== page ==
He was drafted into the Wehrmacht in 1939 and served until his injury during the Russian campaign in 1942 and was sent back to Germany. He rarely talks about the war, but in the 2014 documentary he remembers a massacre in the High Tatras. “My job was to shoot,” he said. “We were mountaineers. There was a deadly hail of bullets and we suffered a lot of losses. Right next to me. Right in front of me.
After demobilization, he studied architecture at the Technical University of Munich, where he received a degree in 1946. He spent another year studying sculpture at the city̵
After Munich, Mr. Böhm returned to Cologne to work for his father’s company, which he took over after Dominic’s death in 1955, continuing a family business that would reach almost dynastic proportions.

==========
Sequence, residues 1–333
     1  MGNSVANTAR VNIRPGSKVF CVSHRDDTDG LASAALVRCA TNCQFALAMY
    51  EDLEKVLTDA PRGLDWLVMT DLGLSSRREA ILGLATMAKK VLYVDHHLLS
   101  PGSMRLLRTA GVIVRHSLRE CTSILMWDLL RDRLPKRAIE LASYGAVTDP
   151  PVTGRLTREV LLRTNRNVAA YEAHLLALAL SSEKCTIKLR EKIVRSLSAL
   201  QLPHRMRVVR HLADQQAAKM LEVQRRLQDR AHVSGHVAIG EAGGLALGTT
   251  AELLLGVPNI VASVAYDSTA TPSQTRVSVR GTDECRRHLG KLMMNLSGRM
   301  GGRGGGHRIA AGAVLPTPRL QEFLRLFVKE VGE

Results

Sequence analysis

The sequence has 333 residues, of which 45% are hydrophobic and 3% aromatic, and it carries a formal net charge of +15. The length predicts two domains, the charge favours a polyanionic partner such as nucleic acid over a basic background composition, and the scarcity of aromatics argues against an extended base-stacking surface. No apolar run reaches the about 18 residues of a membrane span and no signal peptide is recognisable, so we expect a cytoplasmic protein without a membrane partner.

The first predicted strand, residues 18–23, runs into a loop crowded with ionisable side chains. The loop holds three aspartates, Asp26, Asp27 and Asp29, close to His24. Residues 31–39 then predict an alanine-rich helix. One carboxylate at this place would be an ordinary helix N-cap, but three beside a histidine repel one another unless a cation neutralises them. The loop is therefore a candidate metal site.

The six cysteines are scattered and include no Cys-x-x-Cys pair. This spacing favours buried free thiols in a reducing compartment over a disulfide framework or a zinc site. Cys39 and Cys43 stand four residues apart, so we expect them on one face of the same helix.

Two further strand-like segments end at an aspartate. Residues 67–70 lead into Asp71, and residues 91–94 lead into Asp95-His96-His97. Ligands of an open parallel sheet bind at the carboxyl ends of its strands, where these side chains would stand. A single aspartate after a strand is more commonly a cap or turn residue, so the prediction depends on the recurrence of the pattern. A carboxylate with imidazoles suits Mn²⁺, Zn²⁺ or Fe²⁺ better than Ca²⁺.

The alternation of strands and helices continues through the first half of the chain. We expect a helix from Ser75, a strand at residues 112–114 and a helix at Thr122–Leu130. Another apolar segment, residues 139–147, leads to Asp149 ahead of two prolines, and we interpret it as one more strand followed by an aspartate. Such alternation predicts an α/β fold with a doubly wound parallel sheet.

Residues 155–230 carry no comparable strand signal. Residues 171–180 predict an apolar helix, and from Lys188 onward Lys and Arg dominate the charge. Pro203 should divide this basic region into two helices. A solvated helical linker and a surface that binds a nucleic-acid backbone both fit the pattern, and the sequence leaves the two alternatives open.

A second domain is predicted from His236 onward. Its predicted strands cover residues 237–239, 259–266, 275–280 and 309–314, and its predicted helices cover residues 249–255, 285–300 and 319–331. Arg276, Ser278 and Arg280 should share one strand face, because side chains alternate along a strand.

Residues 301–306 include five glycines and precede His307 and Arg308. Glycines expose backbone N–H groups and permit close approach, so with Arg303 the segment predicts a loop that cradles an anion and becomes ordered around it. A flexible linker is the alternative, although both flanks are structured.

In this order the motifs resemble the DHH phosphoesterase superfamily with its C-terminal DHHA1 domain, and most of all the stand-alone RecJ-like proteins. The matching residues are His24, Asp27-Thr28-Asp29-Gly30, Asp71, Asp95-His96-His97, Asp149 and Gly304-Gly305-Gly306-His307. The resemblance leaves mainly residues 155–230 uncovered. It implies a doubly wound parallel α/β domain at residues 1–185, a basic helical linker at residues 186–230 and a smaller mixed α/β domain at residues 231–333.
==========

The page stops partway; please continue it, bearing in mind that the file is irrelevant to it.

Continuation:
In 1948, he married Elizabeth Hagenmüller, an architect he had met while still a student. She helped her husband with many of his projects, and they remained married until her death in 2012 in the early 1990s. Three of Mr. Böhm’s sons, Stefan, Peter and Pavel, all trained as architects and worked for their father’s company, starting in the 1980s. Today, each of them runs an independent architectural firm under one roof in the house in Cologne, built by their grandfather in 1928 and where Gottfried grew up and once maintained his office. The fourth son, Marcus, is an artist. Mr Böhm also survived by five grandchildren, two great-grandchildren and an older brother, Paul, who is 102 years old.
In 1951, Mr. Böhm traveled to America, where he worked briefly for a New York architectural firm. During a month-long study trip to the United States, he met Walter Gropius and Miss van der Rohe, the masters of the Bauhaus, who became a great inspiration to him. After returning to Germany, he became a professor at the Technical University of Aachen in 1963 and held this position until 1985.